How Are the GameStop and Amazon Stock Splits Different?

Editor's note: This article was updated on June 1 to correct details regarding GameStop's proposal to increase its outstanding share count.

  • Tomorrow, GME shareholders will vote on a proposal to increase the share count of GameStop (NYSE:GME) as the company prepares for a potential stock split.
  • A day after the vote, Amazon (NASDAQ:AMZN) will enact its own stock split.
  • Although occurring close together, the GME vote and AMZN stock split are distinctly different events.
A digital image of a ticker tape reads "STOCK SPLIT."
Source: iQoncept/ShutterStock.com

Investors are experiencing another exciting week. Tomorrow, GameStop shareholders will vote on some important proposals that may mean a GME stock split in the near future. Amazon will also enact its own stock split one day later. For investors, the AMZN stock split means an opportunity to purchase shares of the tech behemoth at a lower price tag.

Both of these news items are important. But investors need to know that they are two distinctly different events with different implications.

Let’s take a closer look at this week’s stock split news.

AMZN Stock Split vs. GME Stock Split News

Amazon and GameStop are two out of seven notable companies planning to split their stocks in the coming months. The list also includes some of the tech sector’s biggest names, such as Tesla (NASDAQ:TSLA) and Shopify (NYSE:SHOP).

These companies experienced significant growth in the 2021 bull market. They have also realized that splitting their stocks will make them more accessible to retail investors moving forward. For aspiring investors, the AMZN stock split represents a unique buying opportunity in particular.

Shareholders have already voted on and approved the AMZN stock split. The 20-for-1 split means that every one share of AMZN will be divided into 20 shares. So, investors will own more shares after the split, but the value of their holdings will remain unchanged. However, the split will likely trigger a trading frenzy as more investors scramble to buy in at the lower share price.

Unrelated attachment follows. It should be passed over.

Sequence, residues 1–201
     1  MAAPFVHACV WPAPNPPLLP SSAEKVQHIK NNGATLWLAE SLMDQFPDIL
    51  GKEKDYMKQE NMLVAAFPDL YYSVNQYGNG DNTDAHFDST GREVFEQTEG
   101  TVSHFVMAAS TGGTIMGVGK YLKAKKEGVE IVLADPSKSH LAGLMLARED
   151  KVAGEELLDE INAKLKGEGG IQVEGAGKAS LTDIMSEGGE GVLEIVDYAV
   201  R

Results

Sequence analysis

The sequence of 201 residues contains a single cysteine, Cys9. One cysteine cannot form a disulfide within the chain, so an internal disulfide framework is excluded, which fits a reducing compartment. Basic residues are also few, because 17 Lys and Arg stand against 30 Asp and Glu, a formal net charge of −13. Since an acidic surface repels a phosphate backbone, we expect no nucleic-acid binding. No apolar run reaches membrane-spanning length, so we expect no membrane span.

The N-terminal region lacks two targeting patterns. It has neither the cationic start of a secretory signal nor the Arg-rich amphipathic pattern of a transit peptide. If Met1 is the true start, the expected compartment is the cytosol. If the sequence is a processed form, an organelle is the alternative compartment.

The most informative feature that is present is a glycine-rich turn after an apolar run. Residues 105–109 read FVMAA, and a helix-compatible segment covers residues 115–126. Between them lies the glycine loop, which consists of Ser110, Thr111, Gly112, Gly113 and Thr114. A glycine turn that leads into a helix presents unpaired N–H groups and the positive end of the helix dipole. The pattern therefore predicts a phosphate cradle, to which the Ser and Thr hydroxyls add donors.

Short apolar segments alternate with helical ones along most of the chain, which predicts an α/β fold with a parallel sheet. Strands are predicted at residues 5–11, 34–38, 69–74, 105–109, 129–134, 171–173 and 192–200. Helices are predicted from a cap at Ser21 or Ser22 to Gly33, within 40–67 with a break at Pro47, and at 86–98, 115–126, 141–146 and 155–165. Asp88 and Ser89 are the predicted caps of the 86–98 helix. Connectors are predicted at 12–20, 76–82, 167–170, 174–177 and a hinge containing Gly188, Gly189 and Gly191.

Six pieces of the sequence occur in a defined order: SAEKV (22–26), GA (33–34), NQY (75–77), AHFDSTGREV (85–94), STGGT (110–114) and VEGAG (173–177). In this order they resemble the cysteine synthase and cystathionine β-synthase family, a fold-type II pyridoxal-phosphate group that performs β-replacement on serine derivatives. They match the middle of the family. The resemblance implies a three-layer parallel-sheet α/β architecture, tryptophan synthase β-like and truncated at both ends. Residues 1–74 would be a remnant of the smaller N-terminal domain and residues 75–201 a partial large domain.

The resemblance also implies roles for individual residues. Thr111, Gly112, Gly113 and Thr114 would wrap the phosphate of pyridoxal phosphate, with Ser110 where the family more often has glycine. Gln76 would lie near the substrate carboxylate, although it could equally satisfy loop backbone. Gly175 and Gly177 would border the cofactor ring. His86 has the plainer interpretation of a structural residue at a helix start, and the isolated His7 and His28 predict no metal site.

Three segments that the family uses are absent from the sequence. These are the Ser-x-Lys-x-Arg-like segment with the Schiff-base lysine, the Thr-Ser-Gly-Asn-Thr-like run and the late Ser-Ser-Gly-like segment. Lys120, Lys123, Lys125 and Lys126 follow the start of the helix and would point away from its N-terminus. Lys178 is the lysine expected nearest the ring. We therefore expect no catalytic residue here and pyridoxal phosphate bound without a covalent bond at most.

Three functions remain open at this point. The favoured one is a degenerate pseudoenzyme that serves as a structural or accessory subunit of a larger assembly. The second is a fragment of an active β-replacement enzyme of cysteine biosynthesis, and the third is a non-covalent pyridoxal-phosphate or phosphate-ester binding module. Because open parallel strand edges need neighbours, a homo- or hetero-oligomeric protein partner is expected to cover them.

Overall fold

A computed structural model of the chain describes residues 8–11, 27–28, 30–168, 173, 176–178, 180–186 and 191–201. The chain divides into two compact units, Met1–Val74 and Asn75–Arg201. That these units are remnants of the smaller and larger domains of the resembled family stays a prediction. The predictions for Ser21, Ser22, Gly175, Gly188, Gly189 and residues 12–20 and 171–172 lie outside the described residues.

On the other hand, the upcoming GameStop vote is still in its proposal stage. Tomorrow is not an actual split of the stock, but a shareholder meeting where investors will vote on whether to allow for an authorized share count increase. According to GameStop’s 2022 Proxy Statement, the increase will allow the company “to implement a stock split of our
common stock […] and provide flexibility for future corporate needs.”

While not definite, there is no reason to believe shareholders will shoot down this proposal. After all, investors know that when Tesla enacted a split in August 2020, its stock value more than doubled the following year. Some experts see the potential split as Chairman Ryan Cohen aligning the needs of both investors and management.

What to Expect

Investors can likely expect this GameStop proposal to pass, in part because a potential GME stock split could mean future gains. Back in 2021, GME caught Wall Street’s attention due to its committed investor base. It’s highly unlikely the meme stock crowd will abandon shares; groups like Reddit’s r/WallStreetBets have triggered trading frenzies before and they can do it again. If investors vote in favor of the proposal and the company later enacts a split, it won’t take long for shares to climb.

AMZN stock is rising today as anticipation mounts for its split. Meanwhile, GME stock is down as it battles broader market forces like high short interest and a looming earnings report.

This week’s events are different, but they are both positive growth catalysts. The AMZN stock split is poised to rock markets on Friday. GME stock may soon do the same if its proposal passes tomorrow.

On the date of publication, Samuel O’Brient did not hold (either directly or indirectly) any positions in the securities mentioned in this article. The opinions expressed in this article are those of the writer, subject to the InvestorPlace.com Publishing Guidelines.


Article printed from InvestorPlace Media, https://investorplace.com/2022/06/how-are-the-gamestop-and-amazon-stock-splits-different/.

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